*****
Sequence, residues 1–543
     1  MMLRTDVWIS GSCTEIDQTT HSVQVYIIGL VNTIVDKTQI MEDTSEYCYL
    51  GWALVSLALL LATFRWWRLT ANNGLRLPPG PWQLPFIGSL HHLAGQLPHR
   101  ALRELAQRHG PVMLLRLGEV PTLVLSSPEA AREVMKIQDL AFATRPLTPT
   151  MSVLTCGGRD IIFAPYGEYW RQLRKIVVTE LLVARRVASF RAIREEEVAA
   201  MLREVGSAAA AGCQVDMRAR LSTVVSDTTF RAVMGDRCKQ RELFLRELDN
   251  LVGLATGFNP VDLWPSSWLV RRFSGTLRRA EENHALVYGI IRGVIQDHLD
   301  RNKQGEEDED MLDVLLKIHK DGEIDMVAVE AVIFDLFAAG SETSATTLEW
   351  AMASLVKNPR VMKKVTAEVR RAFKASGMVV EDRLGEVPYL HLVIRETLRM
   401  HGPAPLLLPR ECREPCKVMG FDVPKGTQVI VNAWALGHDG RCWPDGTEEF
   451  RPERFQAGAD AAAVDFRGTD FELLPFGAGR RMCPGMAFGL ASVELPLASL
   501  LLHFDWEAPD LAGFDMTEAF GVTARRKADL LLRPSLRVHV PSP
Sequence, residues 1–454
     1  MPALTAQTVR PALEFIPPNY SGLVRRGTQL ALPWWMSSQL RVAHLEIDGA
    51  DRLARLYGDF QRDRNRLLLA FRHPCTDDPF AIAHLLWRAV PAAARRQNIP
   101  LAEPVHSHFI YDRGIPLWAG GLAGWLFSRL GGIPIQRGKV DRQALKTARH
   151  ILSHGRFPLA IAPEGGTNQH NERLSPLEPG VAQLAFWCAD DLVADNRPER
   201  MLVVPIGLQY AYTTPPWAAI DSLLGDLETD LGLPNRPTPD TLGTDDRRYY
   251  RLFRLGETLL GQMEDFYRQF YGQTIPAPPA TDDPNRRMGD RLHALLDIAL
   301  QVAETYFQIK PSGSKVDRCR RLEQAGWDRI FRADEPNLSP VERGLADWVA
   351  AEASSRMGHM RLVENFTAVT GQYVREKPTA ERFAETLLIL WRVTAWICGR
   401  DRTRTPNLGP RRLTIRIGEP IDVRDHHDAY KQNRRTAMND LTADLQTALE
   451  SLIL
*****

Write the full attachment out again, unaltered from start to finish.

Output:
Sequence, residues 1–543
     1  MMLRTDVWIS GSCTEIDQTT HSVQVYIIGL VNTIVDKTQI MEDTSEYCYL
    51  GWALVSLALL LATFRWWRLT ANNGLRLPPG PWQLPFIGSL HHLAGQLPHR
   101  ALRELAQRHG PVMLLRLGEV PTLVLSSPEA AREVMKIQDL AFATRPLTPT
   151  MSVLTCGGRD IIFAPYGEYW RQLRKIVVTE LLVARRVASF RAIREEEVAA
   201  MLREVGSAAA AGCQVDMRAR LSTVVSDTTF RAVMGDRCKQ RELFLRELDN
   251  LVGLATGFNP VDLWPSSWLV RRFSGTLRRA EENHALVYGI IRGVIQDHLD
   301  RNKQGEEDED MLDVLLKIHK DGEIDMVAVE AVIFDLFAAG SETSATTLEW
   351  AMASLVKNPR VMKKVTAEVR RAFKASGMVV EDRLGEVPYL HLVIRETLRM
   401  HGPAPLLLPR ECREPCKVMG FDVPKGTQVI VNAWALGHDG RCWPDGTEEF
   451  RPERFQAGAD AAAVDFRGTD FELLPFGAGR RMCPGMAFGL ASVELPLASL
   501  LLHFDWEAPD LAGFDMTEAF GVTARRKADL LLRPSLRVHV PSP
Sequence, residues 1–454
     1  MPALTAQTVR PALEFIPPNY SGLVRRGTQL ALPWWMSSQL RVAHLEIDGA
    51  DRLARLYGDF QRDRNRLLLA FRHPCTDDPF AIAHLLWRAV PAAARRQNIP
   101  LAEPVHSHFI YDRGIPLWAG GLAGWLFSRL GGIPIQRGKV DRQALKTARH
   151  ILSHGRFPLA IAPEGGTNQH NERLSPLEPG VAQLAFWCAD DLVADNRPER
   201  MLVVPIGLQY AYTTPPWAAI DSLLGDLETD LGLPNRPTPD TLGTDDRRYY
   251  RLFRLGETLL GQMEDFYRQF YGQTIPAPPA TDDPNRRMGD RLHALLDIAL
   301  QVAETYFQIK PSGSKVDRCR RLEQAGWDRI FRADEPNLSP VERGLADWVA
   351  AEASSRMGHM RLVENFTAVT GQYVREKPTA ERFAETLLIL WRVTAWICGR
   401  DRTRTPNLGP RRLTIRIGEP IDVRDHHDAY KQNRRTAMND LTADLQTALE
   451  SLIL